Britain will remain a major power, says Defence Secretary

Britain will remain in the "premier league" of military powers despite the swingeing cuts facing the armed forces, Defence Secretary Liam Fox said today.

Dr Fox said the Government was committed to maintaining the UK's global influence ability to project power around the world.



However, he insisted that to be effective, military power had to be underpinned by economic power and that the Government had been right to make tackling the deficit its priority.



Addressing the Chatham House foreign affairs think tank in London, he warned that further cuts were inevitable as ministers grappled with the need to get the public finances in order.



His intervention comes amid a groundswell of concern among senior military figures over the impact which the cuts in last year's Strategic Defence and Security Review will have on Britain's standing.



The heads of the Army, Royal Navy and RAF told the Commons Defence Committee last week that the UK could no longer aspire to the "full spectrum" of military capabilities in the wake of the SDSR.



Yesterday, Air Chief Marshal Lord Stirrup, who was head of the armed forces at the time of the SDSR, told the same committee the UK faced a period of "strategic shrinkage" with no guarantee resources would be available to rebuild the military after 2015 as planned.



Dr Fox, however, insisted that it would be the failure to deal with the deficit which could "set off a ticking time bomb that, if not defused, will inevitably result in strategic shrinkage".



He said that the SDSR was designed to ensure that Britain's future military power was built upon "a sound economic base".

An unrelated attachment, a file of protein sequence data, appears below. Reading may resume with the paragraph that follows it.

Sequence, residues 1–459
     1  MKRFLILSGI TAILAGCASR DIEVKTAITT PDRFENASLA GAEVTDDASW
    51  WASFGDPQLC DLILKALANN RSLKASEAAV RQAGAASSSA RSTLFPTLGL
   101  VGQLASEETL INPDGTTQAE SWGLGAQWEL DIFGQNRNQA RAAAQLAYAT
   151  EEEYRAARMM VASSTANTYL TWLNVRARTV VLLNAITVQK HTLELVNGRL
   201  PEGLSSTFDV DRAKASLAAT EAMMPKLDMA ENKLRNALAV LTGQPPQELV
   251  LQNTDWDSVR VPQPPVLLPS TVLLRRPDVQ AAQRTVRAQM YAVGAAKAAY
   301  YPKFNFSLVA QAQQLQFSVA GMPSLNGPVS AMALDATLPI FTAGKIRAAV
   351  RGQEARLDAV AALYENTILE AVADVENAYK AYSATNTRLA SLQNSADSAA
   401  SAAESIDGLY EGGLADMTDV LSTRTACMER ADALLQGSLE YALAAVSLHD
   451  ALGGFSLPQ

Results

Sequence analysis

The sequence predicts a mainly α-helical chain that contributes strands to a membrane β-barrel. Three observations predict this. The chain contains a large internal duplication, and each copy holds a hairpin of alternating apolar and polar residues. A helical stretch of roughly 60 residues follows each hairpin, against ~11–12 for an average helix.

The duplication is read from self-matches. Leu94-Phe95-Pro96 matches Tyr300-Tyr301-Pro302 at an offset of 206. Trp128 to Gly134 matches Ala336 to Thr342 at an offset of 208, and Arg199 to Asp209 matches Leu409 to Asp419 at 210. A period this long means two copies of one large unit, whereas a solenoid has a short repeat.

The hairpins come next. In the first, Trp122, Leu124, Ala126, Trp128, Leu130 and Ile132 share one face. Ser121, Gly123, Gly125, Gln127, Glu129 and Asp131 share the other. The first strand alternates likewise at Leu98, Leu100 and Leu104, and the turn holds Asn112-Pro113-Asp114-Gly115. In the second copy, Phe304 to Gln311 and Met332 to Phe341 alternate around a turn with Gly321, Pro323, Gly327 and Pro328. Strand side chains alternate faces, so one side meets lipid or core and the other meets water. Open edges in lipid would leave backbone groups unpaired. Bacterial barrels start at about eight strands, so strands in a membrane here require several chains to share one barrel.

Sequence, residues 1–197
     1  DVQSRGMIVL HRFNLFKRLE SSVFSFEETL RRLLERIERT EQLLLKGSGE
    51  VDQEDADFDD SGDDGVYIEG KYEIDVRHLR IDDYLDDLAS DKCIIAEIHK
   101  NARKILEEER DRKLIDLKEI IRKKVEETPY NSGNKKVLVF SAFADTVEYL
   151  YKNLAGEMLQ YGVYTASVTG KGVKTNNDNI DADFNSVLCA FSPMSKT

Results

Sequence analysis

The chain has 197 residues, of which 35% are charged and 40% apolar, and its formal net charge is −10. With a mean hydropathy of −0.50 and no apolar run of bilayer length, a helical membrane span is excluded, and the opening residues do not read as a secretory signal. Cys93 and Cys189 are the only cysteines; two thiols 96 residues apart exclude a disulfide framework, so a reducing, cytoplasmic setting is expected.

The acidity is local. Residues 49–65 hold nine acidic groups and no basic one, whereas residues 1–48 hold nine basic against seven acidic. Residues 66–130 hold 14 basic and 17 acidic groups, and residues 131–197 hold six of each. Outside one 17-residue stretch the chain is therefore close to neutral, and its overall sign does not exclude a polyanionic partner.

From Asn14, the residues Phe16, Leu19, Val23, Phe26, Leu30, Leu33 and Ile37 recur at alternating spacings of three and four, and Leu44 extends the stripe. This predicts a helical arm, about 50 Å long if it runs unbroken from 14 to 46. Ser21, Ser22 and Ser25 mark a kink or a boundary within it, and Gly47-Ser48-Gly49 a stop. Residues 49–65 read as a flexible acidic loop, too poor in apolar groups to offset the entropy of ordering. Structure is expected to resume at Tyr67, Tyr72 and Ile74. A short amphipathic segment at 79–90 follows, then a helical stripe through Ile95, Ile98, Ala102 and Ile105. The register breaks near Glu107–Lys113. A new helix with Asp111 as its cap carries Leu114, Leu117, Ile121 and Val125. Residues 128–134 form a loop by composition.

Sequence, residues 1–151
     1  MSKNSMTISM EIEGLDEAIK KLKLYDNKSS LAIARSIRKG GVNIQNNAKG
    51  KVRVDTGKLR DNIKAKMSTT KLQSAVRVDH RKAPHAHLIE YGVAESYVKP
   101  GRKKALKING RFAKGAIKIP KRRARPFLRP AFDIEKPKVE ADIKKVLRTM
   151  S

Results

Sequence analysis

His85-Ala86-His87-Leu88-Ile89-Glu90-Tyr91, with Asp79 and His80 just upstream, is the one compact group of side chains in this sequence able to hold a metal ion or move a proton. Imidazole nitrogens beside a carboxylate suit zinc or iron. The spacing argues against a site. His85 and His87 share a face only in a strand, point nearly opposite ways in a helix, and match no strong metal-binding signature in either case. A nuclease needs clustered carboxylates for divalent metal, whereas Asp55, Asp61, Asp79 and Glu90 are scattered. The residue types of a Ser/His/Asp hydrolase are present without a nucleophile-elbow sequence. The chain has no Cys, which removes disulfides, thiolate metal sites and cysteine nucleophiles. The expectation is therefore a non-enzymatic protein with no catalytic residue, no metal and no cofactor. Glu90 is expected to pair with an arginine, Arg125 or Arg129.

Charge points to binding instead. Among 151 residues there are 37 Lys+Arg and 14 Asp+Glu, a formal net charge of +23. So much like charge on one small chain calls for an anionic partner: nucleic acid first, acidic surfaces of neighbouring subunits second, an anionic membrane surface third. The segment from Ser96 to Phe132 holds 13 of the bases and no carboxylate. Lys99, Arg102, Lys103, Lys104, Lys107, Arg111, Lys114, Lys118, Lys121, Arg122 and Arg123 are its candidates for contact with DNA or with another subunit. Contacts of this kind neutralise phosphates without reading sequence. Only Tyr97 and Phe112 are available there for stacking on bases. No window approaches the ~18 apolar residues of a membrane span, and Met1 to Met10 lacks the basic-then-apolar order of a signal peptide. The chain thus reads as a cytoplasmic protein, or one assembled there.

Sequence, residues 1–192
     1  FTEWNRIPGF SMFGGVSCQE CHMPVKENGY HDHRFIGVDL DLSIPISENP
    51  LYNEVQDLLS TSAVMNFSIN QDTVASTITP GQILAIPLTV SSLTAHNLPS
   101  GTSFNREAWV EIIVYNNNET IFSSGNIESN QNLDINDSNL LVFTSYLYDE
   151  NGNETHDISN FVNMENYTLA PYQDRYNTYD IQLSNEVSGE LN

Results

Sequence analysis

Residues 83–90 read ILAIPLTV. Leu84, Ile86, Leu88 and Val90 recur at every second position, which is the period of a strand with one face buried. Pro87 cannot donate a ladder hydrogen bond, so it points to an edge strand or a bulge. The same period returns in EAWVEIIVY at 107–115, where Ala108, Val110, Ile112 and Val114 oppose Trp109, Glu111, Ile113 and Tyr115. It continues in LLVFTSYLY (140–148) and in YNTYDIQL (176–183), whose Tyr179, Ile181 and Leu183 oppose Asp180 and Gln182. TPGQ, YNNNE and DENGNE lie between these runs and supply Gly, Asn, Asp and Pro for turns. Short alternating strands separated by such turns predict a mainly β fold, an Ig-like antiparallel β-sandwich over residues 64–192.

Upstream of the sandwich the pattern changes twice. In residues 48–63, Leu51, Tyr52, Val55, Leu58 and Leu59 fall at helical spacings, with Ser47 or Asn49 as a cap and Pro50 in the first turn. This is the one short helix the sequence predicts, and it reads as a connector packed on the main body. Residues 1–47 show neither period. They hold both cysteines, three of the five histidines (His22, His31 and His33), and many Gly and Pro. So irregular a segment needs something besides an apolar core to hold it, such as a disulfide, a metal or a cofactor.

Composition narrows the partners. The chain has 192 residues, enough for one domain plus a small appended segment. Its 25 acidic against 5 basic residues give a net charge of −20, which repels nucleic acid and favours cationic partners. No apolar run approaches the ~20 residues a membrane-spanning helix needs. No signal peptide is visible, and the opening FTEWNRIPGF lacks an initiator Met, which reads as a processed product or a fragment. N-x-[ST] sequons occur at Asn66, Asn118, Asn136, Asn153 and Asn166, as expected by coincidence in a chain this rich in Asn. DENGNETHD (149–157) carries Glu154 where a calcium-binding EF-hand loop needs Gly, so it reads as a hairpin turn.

"The Strategic Defence and Security review has ensured that we will remain in the premier league of military powers. It is not an agenda for retrenchment, it's an ambitious agenda of transformation," he said.



Tackling the crisis in the public finances was, he said, not just a matter of economics but an issue of national security.



"It is central to sustaining, in the long term, Britain's reach, military power and influence," he said.



"Relative economic power is the wellspring of strategic strength. Conversely, economic weakness debilitates every arm of government.



"Structural economic weakness, if not dealt with, will bring an unavoidable reduction in our ability to shape the world."



Dr Fox signalled that further cuts were in the pipeline, saying that while the SDSR had made "substantial inroads" into the Ministry of Defence's £38 billion budget deficit, "there is still more to be done".



"Staying the course will require sustaining the strict cost-control regime I have put in place at the MoD. This will inevitably require that tough decisions are taken on a regular basis to keep the budget on track," he said.

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